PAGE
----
Rosamund Lupton’s debut is a novel of siblings. The sisters are 26 and 21, not so far beyond teen readers in years. The entire novel is a letter from the older sister to the younger, now deceased. The directness of the narrative voice will appeal to young adults. Also, as the review’s final sentence makes clear, this is a compelling murder mystery that also deals with emotional family and identity issues.
On Sunday, Sister garnered a full page New York Times book review, capping the buzz generated by its presence on both the Amazon Best of the Month and Indie Next List for June. Not to mention its popularity in the U.K. last year.
And finally, I am a fan of surprise endings and this is rumored to have a great one.
LUPTON, Rosamund. Sister. 319p. Crown. 2011. Tr $24. ISBN 978-0-307-71651-4. LC number unavailable.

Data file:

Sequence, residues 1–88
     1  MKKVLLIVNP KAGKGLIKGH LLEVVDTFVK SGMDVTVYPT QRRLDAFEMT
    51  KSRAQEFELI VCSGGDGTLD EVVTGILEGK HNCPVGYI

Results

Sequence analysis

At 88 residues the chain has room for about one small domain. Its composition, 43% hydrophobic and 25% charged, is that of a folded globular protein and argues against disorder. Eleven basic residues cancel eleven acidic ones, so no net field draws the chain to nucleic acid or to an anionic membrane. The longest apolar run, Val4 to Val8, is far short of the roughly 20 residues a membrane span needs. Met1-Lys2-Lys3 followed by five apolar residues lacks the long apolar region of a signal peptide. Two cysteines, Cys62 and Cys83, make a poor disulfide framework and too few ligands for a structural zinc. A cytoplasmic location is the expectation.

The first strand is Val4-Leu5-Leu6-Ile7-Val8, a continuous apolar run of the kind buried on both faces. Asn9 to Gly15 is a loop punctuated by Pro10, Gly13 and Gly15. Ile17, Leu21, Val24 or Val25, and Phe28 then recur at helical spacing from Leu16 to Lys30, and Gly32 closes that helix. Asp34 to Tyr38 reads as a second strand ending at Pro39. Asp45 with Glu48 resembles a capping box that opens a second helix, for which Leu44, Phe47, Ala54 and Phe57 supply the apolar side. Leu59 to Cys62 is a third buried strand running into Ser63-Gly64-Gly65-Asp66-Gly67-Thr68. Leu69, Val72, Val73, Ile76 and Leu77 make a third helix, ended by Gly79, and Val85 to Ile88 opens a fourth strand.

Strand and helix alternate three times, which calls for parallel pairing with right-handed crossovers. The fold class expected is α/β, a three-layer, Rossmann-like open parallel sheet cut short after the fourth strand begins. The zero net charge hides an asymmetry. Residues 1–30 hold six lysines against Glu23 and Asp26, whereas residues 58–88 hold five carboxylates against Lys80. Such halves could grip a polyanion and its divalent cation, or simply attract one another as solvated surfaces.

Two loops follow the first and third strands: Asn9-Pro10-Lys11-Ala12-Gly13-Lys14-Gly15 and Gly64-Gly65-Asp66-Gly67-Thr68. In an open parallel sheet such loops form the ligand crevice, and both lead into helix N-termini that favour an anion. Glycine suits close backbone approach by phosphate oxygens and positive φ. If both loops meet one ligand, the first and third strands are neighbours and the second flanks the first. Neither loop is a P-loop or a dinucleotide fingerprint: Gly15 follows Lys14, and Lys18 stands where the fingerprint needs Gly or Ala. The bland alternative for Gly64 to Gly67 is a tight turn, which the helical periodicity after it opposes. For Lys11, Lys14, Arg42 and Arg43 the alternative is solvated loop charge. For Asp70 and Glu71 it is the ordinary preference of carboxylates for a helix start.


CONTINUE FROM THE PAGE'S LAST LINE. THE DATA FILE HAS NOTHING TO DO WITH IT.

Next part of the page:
Adult/High School–Beatrice Hemmings has left her native London and is leading a safe, structured, superficial life in New York City. Upon hearing that her sister Tess is missing, Bee races home. Shortly after she arrives, Tess’s body is found. Bee’s mother and fiancé are willing to believe the initial finding that Tess committed suicide, and fault Bee for refusing to accept it. Bee knows that Tess would never have killed herself and begins to ask questions, relying on everything she knows about her sister to unravel the mystery. Propelled by the sad family history that inadvertently put Tess in a dangerous situation, Bee sheds her safe skin and plunges headlong into the search for answers. Like Graham McNamee’s Acceleration (Laurel Leaf, 2003), Sister takes readers on a twisted, dangerous journey where Bee’s desire to find the truth is so compelling that her realization that she may not survive the hunt comes much too late. Lupton’s portrayal of Bee’s evolution from a person who keeps everyone at arms length to one willing to confront anyone or anything (including her own assumptions about other people), is subtle and credible. She leaves readers thinking hard about Bee’s motivation and willingness to make substantial sacrifices. This gripping novel moves in unexpected directions, keeping readers fully engaged in the story. Teens will find this especially appealing as it goes beyond crime drama to explore issues of identity, family, and trust.–Carla Riemer, Berkeley High School, CA